Better 'optical clearing' makes transparent brains more stable

Sept. 14, 2015
New fluid saves brain structures for fluorescent and immunohistochemical labeling.

Researchers at the RIKEN Brain Science Institute (Wako-city, Japan) have, for a few years now, been working on a technique to allow brain researchers to easily see structures deep inside the (nonliving) brain. Called "optical clearing," it involves soaking a brain in fluids that infiltrate the brain and reduce optical scattering.

While previous fluids based on urea turned the brain transparent, the fluid would often damage the very brain structures that it was revealing. Now, the RIKEN researchers have created a new fluid variant that does not alter brain tissue.1 The method is called "ScaleS."

"The key ingredient of our new formula is sorbitol, a common sugar alcohol," says lead scientist Atsushi Miyawaki. "By combining sorbitol in the right proportion with urea, we could create transparent brains with minimal tissue damage that can handle both fluorescent and immunohistochemical labeling techniques, and is even effective in older animals."

The technique has already given new insights into diffuse Alzheimer's disease plaques as well as active microglial cells also associated with the disease.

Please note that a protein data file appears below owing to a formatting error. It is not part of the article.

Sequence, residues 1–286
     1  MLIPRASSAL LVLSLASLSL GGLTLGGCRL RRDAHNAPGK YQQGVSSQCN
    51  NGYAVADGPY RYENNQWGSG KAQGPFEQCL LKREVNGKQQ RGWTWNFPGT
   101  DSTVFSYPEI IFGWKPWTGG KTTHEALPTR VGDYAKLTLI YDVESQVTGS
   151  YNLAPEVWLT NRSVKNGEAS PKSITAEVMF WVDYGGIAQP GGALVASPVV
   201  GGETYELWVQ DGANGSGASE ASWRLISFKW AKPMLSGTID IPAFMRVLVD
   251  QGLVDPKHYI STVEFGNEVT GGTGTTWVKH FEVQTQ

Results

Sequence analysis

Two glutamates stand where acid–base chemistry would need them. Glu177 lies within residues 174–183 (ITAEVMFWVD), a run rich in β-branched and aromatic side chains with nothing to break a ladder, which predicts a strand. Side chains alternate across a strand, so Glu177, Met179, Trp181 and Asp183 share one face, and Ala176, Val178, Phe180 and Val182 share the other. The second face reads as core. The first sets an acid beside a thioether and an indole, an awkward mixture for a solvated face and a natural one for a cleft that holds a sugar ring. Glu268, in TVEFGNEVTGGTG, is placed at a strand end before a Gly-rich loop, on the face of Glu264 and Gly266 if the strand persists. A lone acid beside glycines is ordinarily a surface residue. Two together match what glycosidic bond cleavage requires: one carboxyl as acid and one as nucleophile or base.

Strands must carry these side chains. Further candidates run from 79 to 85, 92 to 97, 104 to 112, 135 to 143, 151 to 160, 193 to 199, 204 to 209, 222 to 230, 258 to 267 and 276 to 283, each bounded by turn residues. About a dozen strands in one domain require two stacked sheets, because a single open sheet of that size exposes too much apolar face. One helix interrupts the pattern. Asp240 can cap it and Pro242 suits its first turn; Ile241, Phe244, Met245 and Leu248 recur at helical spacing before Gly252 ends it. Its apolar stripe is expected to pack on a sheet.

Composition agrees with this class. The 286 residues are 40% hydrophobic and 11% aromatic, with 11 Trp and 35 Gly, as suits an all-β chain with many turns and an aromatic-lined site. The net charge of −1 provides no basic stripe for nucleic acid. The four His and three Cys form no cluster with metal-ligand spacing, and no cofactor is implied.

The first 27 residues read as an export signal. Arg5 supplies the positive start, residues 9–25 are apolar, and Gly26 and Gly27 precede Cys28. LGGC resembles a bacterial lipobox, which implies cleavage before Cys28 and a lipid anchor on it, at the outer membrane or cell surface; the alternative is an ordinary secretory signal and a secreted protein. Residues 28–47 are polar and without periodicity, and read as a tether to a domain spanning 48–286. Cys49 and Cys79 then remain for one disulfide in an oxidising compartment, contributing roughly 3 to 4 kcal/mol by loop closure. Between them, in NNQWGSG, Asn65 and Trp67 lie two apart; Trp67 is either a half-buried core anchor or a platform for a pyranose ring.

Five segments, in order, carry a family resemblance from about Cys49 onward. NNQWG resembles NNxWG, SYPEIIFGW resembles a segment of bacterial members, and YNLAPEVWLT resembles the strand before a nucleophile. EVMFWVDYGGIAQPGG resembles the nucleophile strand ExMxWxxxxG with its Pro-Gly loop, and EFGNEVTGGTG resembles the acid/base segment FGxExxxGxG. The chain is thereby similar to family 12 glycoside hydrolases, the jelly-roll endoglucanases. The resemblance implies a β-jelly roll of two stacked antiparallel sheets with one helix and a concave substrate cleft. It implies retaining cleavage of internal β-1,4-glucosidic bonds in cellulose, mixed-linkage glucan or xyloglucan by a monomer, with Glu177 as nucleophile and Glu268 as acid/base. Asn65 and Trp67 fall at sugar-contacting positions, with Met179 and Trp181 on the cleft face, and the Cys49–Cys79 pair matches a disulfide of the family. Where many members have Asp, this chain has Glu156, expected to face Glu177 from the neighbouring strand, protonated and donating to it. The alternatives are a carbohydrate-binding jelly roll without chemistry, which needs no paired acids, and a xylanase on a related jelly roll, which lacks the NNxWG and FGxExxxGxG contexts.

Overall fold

1. Hiroshi Hama et al., Nature Neuroscience (2015); doi: 10.1038/nn.4107.


About the Author

John Wallace | Senior Technical Editor (1998-2022)

John Wallace was with Laser Focus World for nearly 25 years, retiring in late June 2022. He obtained a bachelor's degree in mechanical engineering and physics at Rutgers University and a master's in optical engineering at the University of Rochester. Before becoming an editor, John worked as an engineer at RCA, Exxon, Eastman Kodak, and GCA Corporation.

Sponsored Recommendations

Request a quote: Micro 3D Printed Part or microArch micro-precision 3D printers

April 11, 2024
See the results for yourself! We'll print a benchmark part so that you can assess our quality. Just send us your file and we'll get to work.

Request a free Micro 3D Printed sample part

April 11, 2024
The best way to understand the part quality we can achieve is by seeing it first-hand. Request a free 3D printed high-precision sample part.

How to Tune Servo Systems: The Basics

April 10, 2024
Learn how to tune a servo system using frequency-based tools to meet system specifications by watching our webinar!

Precision Motion Control for Sample Manipulation in Ultra-High Resolution Tomography

April 10, 2024
Learn the critical items that designers and engineers must consider when attempting to achieve reliable ultra-high resolution tomography results here!

Voice your opinion!

To join the conversation, and become an exclusive member of Laser Focus World, create an account today!